While in his plane, Arnold was able to work out how large the crafts were, how far away they were from his plane, and their speed — which worked out to about 1,700 miles per hour. In 1947 Chuck Yeager was just breaking the sound barrier which is a little over 700 mph. Whatever Arnold saw was much more advanced than what the government was working on at the time. 

    His mathematical calculations and knowledge about flight and piloting lent credibility to his claims, but ultimately didn't help solve the mystery.

  • The Ships May Have Been Piloted Remotely

    The Ships May Have Been Piloted Remotely
    Photo: Richard Unten / flickr / CC-BY 2.0

    Throughout the initial phases of Kenneth Arnold's fame he faced a number of skeptics who looked to debunk what he claimed to see. The most curious of these debunkers are the people who believe that Arnold saw crafts, but that they were piloted remotely. When interviewed by the Chicago Times, a United Airlines pilot said that he thought that the UFOs were piloted by someone on the ground. He also believed that the crafts were manmade and that they were being used in "experimental operations" by the armed forces. 

    To Arnold's credit, he agreed that the crafts could have been piloted remotely, he didn't really care if the UFOs belonged to aliens or not. The issue that stuck with his was that if the crafts were being used by the US Army, then the American people deserved to know.

  • Arnold Claimed He Was Misquoted About The Whole Saucer Thing

    Arnold Claimed He Was Misquoted About The Whole Saucer Thing
    Photo: Kenneth Arnold / Wikimedia Commons / Public Domain

    There's a large belief in the UFO community that the idea of flying saucers came out of a misquote from Arnold's first interview after his sighting. Different articles say that Arnold saw saucers, disks, and pie pan-like objects, but he claims that journalists misunderstood him. Arnold claims that he said that the objects moved "like a saucer" not that they were saucers. This would later be described as "one of the most significant reporter misquotes in history." Arnold tried to take the misquote in stride, however. In 1950 he told journalist Edward Murrow:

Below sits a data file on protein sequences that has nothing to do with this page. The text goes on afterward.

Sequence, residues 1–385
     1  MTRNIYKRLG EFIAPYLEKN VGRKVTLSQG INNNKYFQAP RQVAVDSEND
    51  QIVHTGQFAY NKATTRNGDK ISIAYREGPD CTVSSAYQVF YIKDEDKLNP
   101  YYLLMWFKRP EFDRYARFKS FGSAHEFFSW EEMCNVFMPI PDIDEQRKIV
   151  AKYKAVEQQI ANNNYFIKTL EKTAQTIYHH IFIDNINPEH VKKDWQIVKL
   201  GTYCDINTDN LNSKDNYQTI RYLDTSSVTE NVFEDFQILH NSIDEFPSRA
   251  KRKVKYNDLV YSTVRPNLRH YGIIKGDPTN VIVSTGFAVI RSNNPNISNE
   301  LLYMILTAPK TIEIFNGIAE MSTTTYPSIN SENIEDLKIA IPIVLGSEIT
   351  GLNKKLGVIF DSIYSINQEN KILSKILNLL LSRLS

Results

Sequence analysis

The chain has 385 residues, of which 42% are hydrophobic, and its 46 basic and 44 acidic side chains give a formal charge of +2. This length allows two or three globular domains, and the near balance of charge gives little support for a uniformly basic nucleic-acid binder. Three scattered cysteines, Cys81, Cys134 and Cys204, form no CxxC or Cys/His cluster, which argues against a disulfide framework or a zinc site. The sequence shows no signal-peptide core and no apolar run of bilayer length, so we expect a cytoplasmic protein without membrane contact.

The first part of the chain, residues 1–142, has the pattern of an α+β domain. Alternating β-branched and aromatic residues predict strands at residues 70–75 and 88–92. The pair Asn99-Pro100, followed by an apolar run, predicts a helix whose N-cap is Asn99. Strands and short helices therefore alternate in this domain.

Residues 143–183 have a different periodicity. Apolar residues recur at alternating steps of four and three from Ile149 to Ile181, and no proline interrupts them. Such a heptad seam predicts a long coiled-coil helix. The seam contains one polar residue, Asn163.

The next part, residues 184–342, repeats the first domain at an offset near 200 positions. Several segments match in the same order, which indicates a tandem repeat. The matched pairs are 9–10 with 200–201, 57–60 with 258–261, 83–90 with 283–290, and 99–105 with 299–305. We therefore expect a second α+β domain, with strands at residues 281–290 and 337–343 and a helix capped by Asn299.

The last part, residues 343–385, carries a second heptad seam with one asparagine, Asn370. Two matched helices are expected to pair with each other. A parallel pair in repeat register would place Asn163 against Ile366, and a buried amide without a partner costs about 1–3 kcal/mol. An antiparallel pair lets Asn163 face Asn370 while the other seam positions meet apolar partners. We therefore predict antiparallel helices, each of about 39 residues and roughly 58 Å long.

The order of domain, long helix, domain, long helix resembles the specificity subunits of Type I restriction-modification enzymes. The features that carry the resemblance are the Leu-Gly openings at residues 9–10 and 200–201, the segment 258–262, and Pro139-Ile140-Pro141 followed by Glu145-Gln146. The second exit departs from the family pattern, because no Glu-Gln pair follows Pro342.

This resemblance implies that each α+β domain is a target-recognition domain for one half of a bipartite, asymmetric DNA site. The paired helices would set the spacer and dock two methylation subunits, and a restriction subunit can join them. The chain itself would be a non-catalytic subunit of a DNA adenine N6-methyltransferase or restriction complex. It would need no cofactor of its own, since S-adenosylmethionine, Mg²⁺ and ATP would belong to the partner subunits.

"They misquoted me, and in the excitement of it all, one newspaper and another on got it as ensnarled up that nobody knew just exactly what they were talking about, I guess."

    He admitted, though, that regardless of the truth of what he had seen, the overall experience had given him an inexplicably "eerie feeling."

  • A Month Later, Roswell Changed The Way UFOs Were Discussed And Sparked A Stigma Against Them

    A Month Later, Roswell Changed The Way UFOs Were Discussed And Sparked A Stigma Against Them
    Photo: bradspry / Flickr / CC BY 2.0

    Even though the military didn't fully believe Arnold's claims, they at least treated him with respect. But then the Roswell incident occurred and people lost their minds. In early to mid-July of 1947, an unidentified flying object crashed in the Nevada desert. The military claimed that it was a weather balloon, but people began talking about the extraterrestrial bodies that were taken from the crash sight along with a mysterious metal, and the story exploded.

    After Roswell, the military went out of their way to debunk every UFO story that they came across beginning with "Project Grudge." Following the across-the-board debunking by the military, amateur investigators also started coming out of the woodwork to disprove Arnold's story. Various investigators  alternately claimed that Arnold saw a mirage, "pelicans," or meteors